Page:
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Land successfully * with emotional intelligence at work
Greetings

Welcome to my newsletter.  I like to offer a change from other newsletters which can demand an awful lot of reading.
           
* Neil Armstrong and Buzz Aldrin 
landed on the moon, in Eagle, on 21 July 1969

Jeremy Marchant
Facebook research on relationship development...
... done by tracking real posts between people before, while and after they were together.  Slightly unnerving.  There’s graphs and everything.
Being right or being happy?
Bruce Arroll and the other authors are GPs who see many patients who lead unnecessarily stressful lives by wanting to be right in their relationship rather than happy.  An interesting (brief) article on the British Medical Journal site reports a recent study comparing the effects of these two mind sets in couples.
EI query of the week:  
"I move job as soon as I no longer feel challenged—and it's happening again.
"I have been a personal/executive assistant for the last 20 years, moving firm every four or five years when I get used to the duties and no longer feel challenged."
Before you read Jeremy Bullmore’s
response, what would you advise someone in this position?
 

All contributions welcome. 
If you have been, thank you for reading.

... and don't forget
 my blog.

Jeremy
www.emotionalintelligenceatwork.com
jeremy@emotionalintelligenceatwork.com

01 453 764 615 . 07 970 269 170
LinkedIn . Synatus . Twitter
The neuroscience of brain development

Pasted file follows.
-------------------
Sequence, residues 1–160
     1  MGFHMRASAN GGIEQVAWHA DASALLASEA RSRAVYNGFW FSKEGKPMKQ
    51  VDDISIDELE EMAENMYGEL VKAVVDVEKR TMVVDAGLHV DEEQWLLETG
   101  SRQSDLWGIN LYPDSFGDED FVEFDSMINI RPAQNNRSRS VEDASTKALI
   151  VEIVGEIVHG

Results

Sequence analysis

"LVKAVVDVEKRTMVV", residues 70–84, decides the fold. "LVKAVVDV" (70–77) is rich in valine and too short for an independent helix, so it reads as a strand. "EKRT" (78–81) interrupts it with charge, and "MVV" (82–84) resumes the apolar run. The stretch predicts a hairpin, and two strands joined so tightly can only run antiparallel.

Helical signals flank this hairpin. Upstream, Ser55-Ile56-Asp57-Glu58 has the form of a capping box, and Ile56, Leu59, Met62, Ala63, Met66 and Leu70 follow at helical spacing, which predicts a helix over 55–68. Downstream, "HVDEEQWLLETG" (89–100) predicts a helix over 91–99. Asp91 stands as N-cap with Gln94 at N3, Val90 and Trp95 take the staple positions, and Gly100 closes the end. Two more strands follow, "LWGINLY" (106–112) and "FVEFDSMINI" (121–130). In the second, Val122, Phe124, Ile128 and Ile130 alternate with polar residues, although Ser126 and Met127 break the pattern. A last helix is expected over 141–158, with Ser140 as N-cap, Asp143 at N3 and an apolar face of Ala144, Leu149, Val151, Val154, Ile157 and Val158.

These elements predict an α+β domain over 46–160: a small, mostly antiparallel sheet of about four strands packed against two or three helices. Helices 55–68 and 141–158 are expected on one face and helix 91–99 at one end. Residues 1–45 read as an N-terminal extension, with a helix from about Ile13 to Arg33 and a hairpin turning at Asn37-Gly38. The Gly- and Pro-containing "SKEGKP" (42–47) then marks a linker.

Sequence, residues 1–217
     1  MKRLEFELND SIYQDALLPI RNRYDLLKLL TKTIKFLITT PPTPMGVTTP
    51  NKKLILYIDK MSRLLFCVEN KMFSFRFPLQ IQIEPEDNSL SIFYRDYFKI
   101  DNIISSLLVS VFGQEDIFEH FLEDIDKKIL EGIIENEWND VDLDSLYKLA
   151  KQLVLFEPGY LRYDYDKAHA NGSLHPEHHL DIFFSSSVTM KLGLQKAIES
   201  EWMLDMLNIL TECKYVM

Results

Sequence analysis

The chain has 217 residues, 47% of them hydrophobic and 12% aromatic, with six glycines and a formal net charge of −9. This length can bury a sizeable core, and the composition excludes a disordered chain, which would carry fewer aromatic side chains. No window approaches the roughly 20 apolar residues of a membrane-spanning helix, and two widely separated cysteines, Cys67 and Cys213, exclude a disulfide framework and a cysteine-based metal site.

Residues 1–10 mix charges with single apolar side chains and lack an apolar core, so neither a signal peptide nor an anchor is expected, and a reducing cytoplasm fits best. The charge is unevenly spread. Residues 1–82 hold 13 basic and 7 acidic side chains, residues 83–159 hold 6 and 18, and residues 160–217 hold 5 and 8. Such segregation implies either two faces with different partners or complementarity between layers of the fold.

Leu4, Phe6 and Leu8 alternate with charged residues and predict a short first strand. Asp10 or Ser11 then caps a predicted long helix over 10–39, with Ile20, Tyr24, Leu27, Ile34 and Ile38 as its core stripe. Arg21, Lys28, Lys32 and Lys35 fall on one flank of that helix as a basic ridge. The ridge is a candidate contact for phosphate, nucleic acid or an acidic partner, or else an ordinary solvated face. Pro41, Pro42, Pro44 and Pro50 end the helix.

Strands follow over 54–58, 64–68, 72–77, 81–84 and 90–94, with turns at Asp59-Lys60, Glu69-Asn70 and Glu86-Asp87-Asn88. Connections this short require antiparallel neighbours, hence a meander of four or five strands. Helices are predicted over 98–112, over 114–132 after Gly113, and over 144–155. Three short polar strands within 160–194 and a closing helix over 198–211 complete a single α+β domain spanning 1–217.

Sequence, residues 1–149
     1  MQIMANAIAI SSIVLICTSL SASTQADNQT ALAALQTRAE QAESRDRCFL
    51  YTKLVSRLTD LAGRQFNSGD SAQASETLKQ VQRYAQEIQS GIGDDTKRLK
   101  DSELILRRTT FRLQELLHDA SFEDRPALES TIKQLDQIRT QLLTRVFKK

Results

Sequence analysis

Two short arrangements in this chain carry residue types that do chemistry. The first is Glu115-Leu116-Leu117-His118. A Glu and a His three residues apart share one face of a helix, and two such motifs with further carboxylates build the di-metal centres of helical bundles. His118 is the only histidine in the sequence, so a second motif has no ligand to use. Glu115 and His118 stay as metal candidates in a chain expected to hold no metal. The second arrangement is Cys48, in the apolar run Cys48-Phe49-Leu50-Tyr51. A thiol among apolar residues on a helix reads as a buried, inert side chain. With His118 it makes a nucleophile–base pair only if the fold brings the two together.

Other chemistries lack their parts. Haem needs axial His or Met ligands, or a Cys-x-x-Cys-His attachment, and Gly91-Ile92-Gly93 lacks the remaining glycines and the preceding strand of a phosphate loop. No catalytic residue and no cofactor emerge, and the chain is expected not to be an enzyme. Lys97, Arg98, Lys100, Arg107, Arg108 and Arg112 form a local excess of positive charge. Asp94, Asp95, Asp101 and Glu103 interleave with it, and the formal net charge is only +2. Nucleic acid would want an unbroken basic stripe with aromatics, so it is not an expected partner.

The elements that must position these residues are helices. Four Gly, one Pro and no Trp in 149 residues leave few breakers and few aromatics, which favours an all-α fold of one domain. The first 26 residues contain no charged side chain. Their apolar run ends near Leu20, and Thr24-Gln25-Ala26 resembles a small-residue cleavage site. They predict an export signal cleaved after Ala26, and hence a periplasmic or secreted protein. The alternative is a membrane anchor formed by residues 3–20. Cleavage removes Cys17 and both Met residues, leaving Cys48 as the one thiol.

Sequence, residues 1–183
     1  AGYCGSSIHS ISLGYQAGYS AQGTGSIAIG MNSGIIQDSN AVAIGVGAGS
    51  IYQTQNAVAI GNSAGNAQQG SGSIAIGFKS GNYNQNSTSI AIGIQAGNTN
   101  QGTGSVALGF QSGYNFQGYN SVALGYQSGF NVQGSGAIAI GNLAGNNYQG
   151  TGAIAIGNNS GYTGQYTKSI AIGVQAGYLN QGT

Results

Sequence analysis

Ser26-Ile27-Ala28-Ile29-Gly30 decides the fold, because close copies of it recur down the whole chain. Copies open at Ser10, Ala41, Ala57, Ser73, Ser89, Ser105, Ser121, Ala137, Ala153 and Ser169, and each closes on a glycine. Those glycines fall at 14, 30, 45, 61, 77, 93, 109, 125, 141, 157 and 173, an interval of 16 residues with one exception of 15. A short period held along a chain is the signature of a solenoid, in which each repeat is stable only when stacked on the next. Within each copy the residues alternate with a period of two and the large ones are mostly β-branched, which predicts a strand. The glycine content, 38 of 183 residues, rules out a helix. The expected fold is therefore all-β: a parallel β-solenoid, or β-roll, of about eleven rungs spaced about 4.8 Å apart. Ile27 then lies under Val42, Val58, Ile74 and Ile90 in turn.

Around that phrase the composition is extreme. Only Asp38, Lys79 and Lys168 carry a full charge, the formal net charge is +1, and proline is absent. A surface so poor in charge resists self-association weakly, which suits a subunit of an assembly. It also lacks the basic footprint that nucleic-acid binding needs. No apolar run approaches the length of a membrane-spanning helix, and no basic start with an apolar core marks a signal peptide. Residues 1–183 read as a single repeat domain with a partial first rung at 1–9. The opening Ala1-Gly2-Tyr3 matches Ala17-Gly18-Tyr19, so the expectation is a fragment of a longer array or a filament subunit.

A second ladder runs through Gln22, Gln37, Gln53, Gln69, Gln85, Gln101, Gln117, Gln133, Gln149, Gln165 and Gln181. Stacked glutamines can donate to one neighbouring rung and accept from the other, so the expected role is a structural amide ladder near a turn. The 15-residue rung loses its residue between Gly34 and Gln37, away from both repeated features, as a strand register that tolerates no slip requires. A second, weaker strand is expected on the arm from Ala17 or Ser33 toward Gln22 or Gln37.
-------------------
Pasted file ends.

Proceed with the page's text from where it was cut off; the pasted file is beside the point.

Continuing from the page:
In this fascinating, sobering and remarkably clear video, Allan Schore and others explain how the infant brain develops through the individual’s experiences, particularly those with its primary caregiver.

Personal development is dictated neither by nature nor by nurture, he says, but rather a third thing:  the complex, interactive relationship between the two. [13:09]
 
In
a related article, Joseph Burgo writes "what happens to you, emotionally and psychologically, during those first two years, and especially in the first nine months of life, will powerfully influence your neurological development, determining how your brain takes shape in lasting ways."
Song of the week
The incomparable Janet Baker sings Berlioz’ Absence in a recording from the seventies, I guess.  Text by Théophile Gautier:  "Return, return, my dearest love! / Like a flower far from the sun..." etc (you get the picture) [5:44]

For comparisonAnnie-Sofie von Otter is excellent.
Quotations of the day

Contact light.
Edwin ‘Buzz’ Aldrin Jr. 1930- . American astronaut. First words spoken on the moon
 
Sir, more than kisses, letters mingle souls;
For, thus friends absent speak.

John Donne. 1572-1631. English poet
 
Sometimes, when one person is missing, the whole world seems depopulated.
Alphonse de Lamartine. 1790-1869. French poet and politician
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